Supreme Judicial Court (October 29, 2009)

Although it is better practice to follow identification protocols set forth in Commonwealth v. Silva-Santiago, 453 Mass. 782 (2009), the SJC has declined to hold that any photo array which deviates from these protocols is unduly suggestive. In this case, when considering the totality of the circumstances, the photo array was not unduly suggestive where the witness was told that a photo of the suspect was included in the array, and where the administering officer was the same officer investigating the crime and knew the suspect's identity.


The defendant was convicted of armed kidnapping, assault and battery by means of a dangerous weapon, unlawful possession of a firearm, and other charges. On appeal, the defendant claimed that the judge erred in denying his motion to suppress an identification that resulted from the administration of a photo array that he argued was unduly suggestive not only because the victim knew the array included the suspect, but because the officer administering the photo array was the investigating officer. The SJC disagreed.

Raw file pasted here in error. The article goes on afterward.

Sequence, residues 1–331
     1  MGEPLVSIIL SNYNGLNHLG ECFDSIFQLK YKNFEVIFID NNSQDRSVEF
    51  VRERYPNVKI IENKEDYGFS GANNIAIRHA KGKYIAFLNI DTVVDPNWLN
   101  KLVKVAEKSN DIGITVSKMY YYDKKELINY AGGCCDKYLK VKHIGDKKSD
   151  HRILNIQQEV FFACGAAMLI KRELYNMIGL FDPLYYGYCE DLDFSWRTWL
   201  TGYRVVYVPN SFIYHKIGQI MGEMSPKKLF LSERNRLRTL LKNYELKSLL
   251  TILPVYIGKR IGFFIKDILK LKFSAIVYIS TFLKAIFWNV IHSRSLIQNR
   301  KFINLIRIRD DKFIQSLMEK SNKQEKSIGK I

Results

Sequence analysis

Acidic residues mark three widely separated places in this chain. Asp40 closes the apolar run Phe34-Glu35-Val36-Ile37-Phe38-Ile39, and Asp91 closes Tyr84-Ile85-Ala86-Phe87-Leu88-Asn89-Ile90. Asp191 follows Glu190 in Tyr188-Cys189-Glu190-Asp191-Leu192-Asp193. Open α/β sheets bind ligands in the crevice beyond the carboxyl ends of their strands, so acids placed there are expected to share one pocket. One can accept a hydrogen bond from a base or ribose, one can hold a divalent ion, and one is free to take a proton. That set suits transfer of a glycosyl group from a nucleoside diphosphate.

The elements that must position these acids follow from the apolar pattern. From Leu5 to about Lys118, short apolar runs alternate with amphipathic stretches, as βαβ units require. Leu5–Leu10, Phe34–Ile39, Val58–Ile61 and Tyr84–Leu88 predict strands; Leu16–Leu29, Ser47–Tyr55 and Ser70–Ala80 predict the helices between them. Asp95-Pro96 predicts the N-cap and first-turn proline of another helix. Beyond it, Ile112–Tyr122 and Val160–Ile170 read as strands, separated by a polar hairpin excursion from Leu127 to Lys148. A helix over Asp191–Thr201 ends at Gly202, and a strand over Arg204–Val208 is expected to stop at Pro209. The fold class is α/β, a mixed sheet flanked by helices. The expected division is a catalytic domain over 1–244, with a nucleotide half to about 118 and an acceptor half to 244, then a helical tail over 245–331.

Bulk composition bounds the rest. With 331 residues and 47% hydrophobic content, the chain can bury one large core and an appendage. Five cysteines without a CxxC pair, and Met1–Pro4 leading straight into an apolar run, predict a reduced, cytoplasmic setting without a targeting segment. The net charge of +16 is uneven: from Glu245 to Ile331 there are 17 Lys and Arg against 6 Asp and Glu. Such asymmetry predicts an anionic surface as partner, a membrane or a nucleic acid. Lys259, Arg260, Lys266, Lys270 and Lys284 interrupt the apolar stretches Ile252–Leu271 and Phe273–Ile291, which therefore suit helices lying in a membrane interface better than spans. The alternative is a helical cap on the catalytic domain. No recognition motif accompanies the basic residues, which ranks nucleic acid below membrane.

For a motion to suppress a photographic identification to succeed, "the defendant must show by a preponderance of the evidence that, in light of the totality of the circumstances, the procedures employed were so unnecessarily suggestive and conducive to irreparable misidentification as to deny the defendant due process of law." While the SJC articulated a "best-practice" protocol in Commonwealth v. Silva-Santiago, 453 Mass. 782 (2009), which included advising a witness that the suspect may, or may not, be in the photo array, and to use a double-blind procedure where the officer administering the photo array does not know the identity of the suspect, the SJC also declined to hold "that the absence of any protocol or comparable warnings to the eyewitnesses requires that the identifications be found inadmissible." The photo array was not unduly suggestive in this case.